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Freed From Boko Haram, Hostages Now Held By Nigeria's Military

RENEE MONTAGNE, HOST:

It had seemed that the ordeal of hundreds of hostages held by Boko Haram in Nigeria ended with their rescue last month. The women and children had been kidnapped from their villages. When they were freed by Nigeria's military, they were brought to a refugee camp. Now they appear to be prisoners again - of the military. For more we've reached AP's Michelle Faul in Lagos.

MICHELLE FAUL: What we were told was that soldiers came to the refugee camp on Tuesday afternoon. The women, girls and mainly children were piled into buses, ferried to the airport and flown off in a military plane. And the sources that we spoke to, both at the camp and in military intelligence, say that there are suspicions that some of the girls and women either are Boko Haram members or could have been communicating with Boko Haram. One of the camp officials we spoke to said that these fears had been mentioned during trauma counseling sessions, which is a little disturbing because one would imagine that such sessions are confidential. So it's all very murky.

MONTAGNE: One thing about this - we have heard so much about these women and young girls being taken by Boko Haram to be brides. Does that figure into this, the idea that they've been with them long enough to have been absorbed, in a sense, into the group?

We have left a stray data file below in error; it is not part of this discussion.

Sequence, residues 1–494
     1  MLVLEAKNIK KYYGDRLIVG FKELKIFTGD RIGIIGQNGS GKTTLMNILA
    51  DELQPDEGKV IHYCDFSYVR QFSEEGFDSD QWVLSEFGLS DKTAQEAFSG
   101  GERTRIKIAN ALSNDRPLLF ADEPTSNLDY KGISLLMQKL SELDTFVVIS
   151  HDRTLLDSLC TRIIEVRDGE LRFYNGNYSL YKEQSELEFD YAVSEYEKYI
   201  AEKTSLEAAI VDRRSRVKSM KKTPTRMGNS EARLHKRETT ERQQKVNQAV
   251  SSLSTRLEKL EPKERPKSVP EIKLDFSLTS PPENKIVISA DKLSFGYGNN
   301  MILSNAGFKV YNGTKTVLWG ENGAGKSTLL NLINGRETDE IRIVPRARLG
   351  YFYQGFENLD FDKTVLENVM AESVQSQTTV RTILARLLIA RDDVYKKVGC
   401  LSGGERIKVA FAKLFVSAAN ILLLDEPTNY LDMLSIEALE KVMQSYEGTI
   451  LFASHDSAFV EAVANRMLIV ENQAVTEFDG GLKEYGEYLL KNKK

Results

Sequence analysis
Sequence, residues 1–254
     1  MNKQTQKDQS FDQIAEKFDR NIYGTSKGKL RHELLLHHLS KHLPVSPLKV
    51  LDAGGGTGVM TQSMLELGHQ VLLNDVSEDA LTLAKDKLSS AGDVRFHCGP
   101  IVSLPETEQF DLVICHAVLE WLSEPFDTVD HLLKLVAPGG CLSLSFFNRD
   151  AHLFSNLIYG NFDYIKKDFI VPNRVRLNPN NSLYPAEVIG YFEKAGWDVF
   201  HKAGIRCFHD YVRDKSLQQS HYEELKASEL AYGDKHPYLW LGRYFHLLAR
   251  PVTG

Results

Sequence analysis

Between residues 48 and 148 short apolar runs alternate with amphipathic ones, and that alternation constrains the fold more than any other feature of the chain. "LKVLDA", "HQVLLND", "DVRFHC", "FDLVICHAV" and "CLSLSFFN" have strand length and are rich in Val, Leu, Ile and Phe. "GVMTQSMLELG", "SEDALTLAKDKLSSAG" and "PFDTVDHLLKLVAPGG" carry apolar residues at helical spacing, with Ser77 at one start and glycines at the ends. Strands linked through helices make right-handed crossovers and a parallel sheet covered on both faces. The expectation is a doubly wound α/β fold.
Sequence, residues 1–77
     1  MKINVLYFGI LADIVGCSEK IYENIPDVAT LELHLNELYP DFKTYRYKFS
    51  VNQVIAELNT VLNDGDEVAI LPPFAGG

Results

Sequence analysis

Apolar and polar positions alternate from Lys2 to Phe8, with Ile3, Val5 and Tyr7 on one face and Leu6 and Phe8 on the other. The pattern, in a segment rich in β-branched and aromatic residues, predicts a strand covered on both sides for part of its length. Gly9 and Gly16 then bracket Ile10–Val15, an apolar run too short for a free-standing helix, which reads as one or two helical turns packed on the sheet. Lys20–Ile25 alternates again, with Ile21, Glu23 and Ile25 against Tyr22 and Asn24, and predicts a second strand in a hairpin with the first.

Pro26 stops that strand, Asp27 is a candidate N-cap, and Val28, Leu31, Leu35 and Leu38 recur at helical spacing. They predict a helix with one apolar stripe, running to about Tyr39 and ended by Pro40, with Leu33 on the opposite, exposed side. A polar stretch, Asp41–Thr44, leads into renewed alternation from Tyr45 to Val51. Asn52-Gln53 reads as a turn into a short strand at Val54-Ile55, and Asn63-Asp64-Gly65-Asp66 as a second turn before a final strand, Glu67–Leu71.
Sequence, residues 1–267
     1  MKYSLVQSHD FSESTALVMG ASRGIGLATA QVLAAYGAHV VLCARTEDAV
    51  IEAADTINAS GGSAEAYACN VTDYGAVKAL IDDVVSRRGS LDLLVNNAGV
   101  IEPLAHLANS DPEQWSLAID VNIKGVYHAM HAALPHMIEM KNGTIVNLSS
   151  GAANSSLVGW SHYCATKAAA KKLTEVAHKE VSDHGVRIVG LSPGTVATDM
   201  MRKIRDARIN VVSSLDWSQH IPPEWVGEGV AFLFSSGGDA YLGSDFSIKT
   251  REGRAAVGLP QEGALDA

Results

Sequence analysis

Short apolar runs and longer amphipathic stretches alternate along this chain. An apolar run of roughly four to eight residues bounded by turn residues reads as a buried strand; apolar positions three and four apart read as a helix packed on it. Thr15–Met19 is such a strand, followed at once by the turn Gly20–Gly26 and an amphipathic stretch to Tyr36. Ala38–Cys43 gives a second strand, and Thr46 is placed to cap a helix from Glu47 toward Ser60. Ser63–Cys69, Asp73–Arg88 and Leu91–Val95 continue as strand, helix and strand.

FAUL: I have spoken with a doctor who was leading some of the trauma counseling of people who have been captured by Boko Haram. And what he said to me was that there have indeed been cases of girls and women who, held for months, seem to have absorbed some of the extremist ideology of their captives or, he said, in some cases it might be what they call Stockholm syndrome, where a hostage begins to identify with the people who are holding him or her. But what I don't understand is how you then take an entire group - this group, this particular group - 67 women and girls, the rest of the 275 are children, and most of them are under 5.

MONTAGNE: What could happen next for these former hostages, now apparent prisoners?

FAUL: It is not clear. I have to say that Nigeria's military does not have good record when it comes to treatment of detainees.

MONTAGNE: So effectively, there's just no way to know at this moment.

FAUL: Well, I'm looking at some local newspaper reports right now which are suggesting that the women and girls have been taken away from the camp for their own safety. And these local reports are saying that this was done by the DSS - this is Department of State Security. That is not the information we have. And they were safe in that camp. The camp is directly opposite a military base. So I'm skeptical of reports that would suggest that they have been taken away for their own safety. But that is what we're seeing coming in. We have had no response to our requests for comment from Nigeria's military about why this happened, where these women, girls and children are and what is happening to them.

MONTAGNE: Michelle, thanks very much.

FAUL: You're most welcome.

MONTAGNE: Michelle Faul is Nigeria bureau chief for the AP. She spoke with us from Lagos. Transcript provided by NPR, Copyright NPR.